Before she could ask why, Del said, “Simmer down, boys. We’re both going anyway.”
Ah, got it. Good ol’ equivalent-to-comfort-food Shaye was convenient and easy—so she’d do as his wedding date.
“I have plans, remember?” She fired vicious glances at Ben and Piper, hoping West would keep his damn mouth shut and not contradict her.
Del tapped his cards against his arm. “If I win, maybe you’ll change your mind about those plans.”
Dammit, the smug bastard knew she was bluffing.
Shaye straightened her spine. “Maybe I will. But first, let’s see what you’ve got.”
Del flipped his two cards face up. Two aces. Put that together with the ace of clubs, the three and seven of hearts, and the two queens on the turn and river, and it made a full house. A good hand. Actually, a great hand. Only not great enough.
Shaye batted her lashes at him—bad lashes and bad gloating smile—and flipped over her two lovely ladies.
Didn’t. Say. A. Word. The cards spoke for themselves.
Ben whooped. “Four of a kind,
“Bazinga!” Piper reached around Ford and shoved Shaye’s shoulder. “You got him gooood.”
“Ouch, bro,” said Ford. “Those Halloween parties are wild.”
The whole time heckles flew around the table, Del watched her with hooded eyes. A hot gaze that dropped to her mouth and up again but didn’t leave her face. Her blood pumped faster and faster. She’d won. He’d lost. She’d keep her swear jar and he’d help with the Halloween party.
So why did she regret making those silly bets? Why did a blush creep over her cheeks as her heart galloped around her ribcage? Had she secretly wanted him to win so she’d have a date on Piper’s big day? Her fingers locked together in her lap.
Of course not. What a silly idea.
Del stood, fished in his jeans front pocket and pulled out a roll of banknotes. Tossing two twenties across the table, he said, “Guess I’ll get a double helping of humble pie, next time you make one.”
Shaye swallowed the ball of nerves tingling in her throat and prayed her voice came out steady. “Guess you will. And I guess you’ll have to find another date for the wedding. I hear Mrs. Taylor’s free.”
Mrs. Taylor, an octogenarian widow, was a dreadful flirt with wandering hands. A good-looking young man relaxed in her company at his own peril. Which was why, in reception-planning discussions, Piper elected to place the older woman safely between Denise Komeke and Caroline Russell.
Del raised an eyebrow. “That old cougar still alive?”
“That old cougar is alive and kicking, and she’d say yes to you in a heartbeat.” Noah stood and slid his chair under the table. “Anyone want a lift back to town? Shaye?”
She shook her head. “No, I’ll stay for the clean-up.”
Ben and Ford also rose, collecting their winnings and jackets. After a quick round of goodbyes, they left.
Del and West collapsed the card table and manhandled it down to the garage, while Shaye and Piper tidied the family room and loaded the dishwasher.
Piper continued to slip sidelong glances in Shaye’s direction as they worked in silence—a well-oiled team effort, polished through years of sibling practice. Piper collected dirty dishes, Shaye rinsed and stacked them. If Ben had stayed, he would’ve been all big brother, giving orders until either she or Piper squirted him with the sink spray hose. At last, they were a family again, and for that, she’d put up with Ryan Westlake and his irritating younger brother.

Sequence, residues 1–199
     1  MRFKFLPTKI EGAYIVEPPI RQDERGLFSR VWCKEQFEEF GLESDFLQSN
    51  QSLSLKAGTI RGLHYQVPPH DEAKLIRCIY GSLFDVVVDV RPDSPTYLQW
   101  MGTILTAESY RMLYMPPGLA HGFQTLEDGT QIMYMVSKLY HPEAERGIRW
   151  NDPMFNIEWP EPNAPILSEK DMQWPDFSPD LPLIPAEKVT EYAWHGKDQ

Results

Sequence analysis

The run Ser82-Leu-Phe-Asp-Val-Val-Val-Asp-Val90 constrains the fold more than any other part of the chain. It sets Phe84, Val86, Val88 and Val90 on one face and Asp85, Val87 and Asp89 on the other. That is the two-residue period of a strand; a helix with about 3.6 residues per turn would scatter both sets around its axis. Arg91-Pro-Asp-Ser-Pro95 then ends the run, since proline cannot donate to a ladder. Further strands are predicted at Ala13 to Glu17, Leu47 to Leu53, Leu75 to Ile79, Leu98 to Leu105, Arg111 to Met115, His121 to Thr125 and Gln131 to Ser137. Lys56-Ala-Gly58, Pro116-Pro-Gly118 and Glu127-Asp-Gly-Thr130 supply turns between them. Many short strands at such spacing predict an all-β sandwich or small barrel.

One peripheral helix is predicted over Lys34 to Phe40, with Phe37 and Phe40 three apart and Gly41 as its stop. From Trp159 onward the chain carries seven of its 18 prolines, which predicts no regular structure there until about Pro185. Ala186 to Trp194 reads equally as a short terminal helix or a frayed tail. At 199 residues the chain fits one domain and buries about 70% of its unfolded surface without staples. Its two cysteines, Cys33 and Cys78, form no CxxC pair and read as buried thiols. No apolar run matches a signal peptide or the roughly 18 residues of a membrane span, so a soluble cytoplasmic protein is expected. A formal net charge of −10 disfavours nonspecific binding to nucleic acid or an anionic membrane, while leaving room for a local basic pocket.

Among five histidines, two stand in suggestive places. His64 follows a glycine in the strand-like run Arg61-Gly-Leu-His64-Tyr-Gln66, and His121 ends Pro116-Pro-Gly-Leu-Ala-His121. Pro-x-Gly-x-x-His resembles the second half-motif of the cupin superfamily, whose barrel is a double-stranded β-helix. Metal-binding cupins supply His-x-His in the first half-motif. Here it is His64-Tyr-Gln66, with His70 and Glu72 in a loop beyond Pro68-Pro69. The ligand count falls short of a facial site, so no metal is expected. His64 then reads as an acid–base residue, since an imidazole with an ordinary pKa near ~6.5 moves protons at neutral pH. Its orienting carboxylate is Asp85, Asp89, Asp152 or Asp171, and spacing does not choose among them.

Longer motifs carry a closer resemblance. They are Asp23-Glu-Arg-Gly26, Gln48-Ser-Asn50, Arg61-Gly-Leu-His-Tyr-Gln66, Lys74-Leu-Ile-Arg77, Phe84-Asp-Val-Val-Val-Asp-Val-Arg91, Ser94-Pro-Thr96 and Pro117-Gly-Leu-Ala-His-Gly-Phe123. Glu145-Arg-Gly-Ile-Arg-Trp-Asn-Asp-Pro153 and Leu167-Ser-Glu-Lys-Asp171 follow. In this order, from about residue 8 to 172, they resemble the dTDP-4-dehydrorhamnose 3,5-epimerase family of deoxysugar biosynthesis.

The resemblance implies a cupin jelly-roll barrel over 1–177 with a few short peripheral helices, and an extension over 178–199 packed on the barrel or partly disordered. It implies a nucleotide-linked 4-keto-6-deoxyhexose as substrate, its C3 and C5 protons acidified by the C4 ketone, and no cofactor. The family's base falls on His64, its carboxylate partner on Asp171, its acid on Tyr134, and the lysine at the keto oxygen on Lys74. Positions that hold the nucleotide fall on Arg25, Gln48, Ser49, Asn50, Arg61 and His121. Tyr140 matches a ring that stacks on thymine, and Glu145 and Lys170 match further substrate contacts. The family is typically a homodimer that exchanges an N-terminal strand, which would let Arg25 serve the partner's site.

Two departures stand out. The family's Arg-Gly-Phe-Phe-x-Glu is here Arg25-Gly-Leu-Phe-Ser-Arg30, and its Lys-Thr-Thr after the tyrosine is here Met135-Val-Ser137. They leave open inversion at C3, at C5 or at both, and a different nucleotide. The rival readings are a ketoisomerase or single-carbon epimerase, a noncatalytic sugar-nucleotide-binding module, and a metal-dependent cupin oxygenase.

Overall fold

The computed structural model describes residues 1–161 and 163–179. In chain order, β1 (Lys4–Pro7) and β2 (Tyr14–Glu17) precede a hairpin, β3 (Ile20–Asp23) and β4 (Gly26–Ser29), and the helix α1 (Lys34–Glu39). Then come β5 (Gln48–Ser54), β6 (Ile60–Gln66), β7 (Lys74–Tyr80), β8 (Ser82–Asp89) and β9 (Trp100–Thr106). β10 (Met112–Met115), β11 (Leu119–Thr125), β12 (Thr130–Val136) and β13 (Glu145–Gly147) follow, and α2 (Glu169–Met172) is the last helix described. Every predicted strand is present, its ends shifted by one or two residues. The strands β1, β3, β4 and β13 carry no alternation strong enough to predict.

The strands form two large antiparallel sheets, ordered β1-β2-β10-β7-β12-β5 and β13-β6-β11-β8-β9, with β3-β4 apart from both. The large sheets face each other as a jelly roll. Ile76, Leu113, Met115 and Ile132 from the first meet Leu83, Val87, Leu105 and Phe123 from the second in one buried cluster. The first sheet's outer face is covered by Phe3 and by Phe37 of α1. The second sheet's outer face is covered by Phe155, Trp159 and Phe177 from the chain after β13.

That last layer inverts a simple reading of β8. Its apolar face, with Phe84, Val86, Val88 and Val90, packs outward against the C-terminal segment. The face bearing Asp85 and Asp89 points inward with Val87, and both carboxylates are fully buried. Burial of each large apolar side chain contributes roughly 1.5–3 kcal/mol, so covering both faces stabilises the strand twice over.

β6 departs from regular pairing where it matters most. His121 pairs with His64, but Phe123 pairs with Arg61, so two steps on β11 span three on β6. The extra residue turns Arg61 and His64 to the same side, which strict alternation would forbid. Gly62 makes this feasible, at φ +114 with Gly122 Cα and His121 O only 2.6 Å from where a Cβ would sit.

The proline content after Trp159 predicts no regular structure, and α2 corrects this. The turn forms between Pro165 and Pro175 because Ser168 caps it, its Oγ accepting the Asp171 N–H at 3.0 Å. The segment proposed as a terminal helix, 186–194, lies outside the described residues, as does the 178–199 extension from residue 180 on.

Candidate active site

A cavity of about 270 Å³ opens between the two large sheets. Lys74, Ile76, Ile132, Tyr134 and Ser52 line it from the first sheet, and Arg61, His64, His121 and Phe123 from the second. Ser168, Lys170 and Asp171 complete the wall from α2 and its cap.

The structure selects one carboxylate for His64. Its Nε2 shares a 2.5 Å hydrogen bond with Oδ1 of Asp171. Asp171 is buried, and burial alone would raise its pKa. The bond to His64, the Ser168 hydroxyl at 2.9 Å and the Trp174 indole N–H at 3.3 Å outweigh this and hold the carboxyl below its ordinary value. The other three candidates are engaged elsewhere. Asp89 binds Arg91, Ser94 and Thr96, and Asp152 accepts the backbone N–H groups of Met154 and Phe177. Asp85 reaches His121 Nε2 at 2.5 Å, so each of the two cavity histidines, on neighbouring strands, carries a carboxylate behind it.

“I know what you’re going to say,” Shaye said after receiving yet another glance.
“Nope, I don’t think you do.”
Shaye slotted a glass into the dishwasher. “You’re thinking I’m too hard on Del. That I should quit giving him hell and play nice.”
Piper snickered and tossed another two beer bottles into the recycling bin. “You may’ve convinced half the town that sugar wouldn’t melt in your mouth, but I know you. You’ve got a little mean streak once someone gets under your skin.” Piper shut the laundry door on the recycling bin and leaned against a counter. “And for some reason, Del’s gotten under your skin.”
“He’s in my kitchen, being a pain in the butt.”
“Short term, as you pointed out earlier. Plus, you said you worked well together.”
“I hate it when you remind me of stuff I said earlier.”
“I know. But big sisters are good at that sort of thing.” Piper pressed her lips shut and popped them open a couple of times. “Just be careful, okay? Don’t burn any bridges.”
Shaye huffed out a breath she hadn’t known she’d been holding and unscrewed the lid on the dishwasher powder. “This coming from a woman who doesn’t just burn bridges but annihilates them with nuclear bombs.”
Piper grinned and wrapped her arm around Shaye’s shoulder. “Yeah, but you’re only a baby ass-kicker. I’m a pro.”
“Well, this baby ass-kicker made forty bucks tonight and found a slave to do all the hard labor for the kids’ Halloween party.”
“Make that a big mean streak.” Piper’s laugh sobered quickly. “Del doesn’t strike me as the kind of man who’s into the whole family and kids scene.”
“That’s my impression, too.”
Piper flicked a glance over her shoulder at the footsteps clomping back up the stairs. “I hope the anti-family thing is mostly an act. West and Claire are pinning their hopes on Del being a kidney donor.”
Shaye’s stomach plummeted to the toes of her boots. “I hope so, too.”
But Del being a match was the least of the Westlakes’ problems. Even if Del proved to be compatible, would he agree to such a huge step? Would the boy she’d seen hiding in the corner of their garden crying thirteen years ago turn around and give the father who sent him away a kidney?
She’d no idea, because she still didn’t know what kind of man the boy had become.
Shaye turned down West’s offer of a ride home. Clambering on the back of his motorbike for the short trip into town was fun—but tonight, she needed the solitude of walking under a quarter moon.
Del had disappeared downstairs ten minutes earlier with a curt, “Night.”
Shaye hugged her sister at the door. “I can’t wait until the dress-fitting in Invers.”
Piper’s nose crinkled. “You know, I’m having second thoughts—”
“You rock the dress.”
“I do. I could rock a cute pantsuit, too.”
Shaye laughed and stepped outside. “You’re not getting married in a pantsuit.”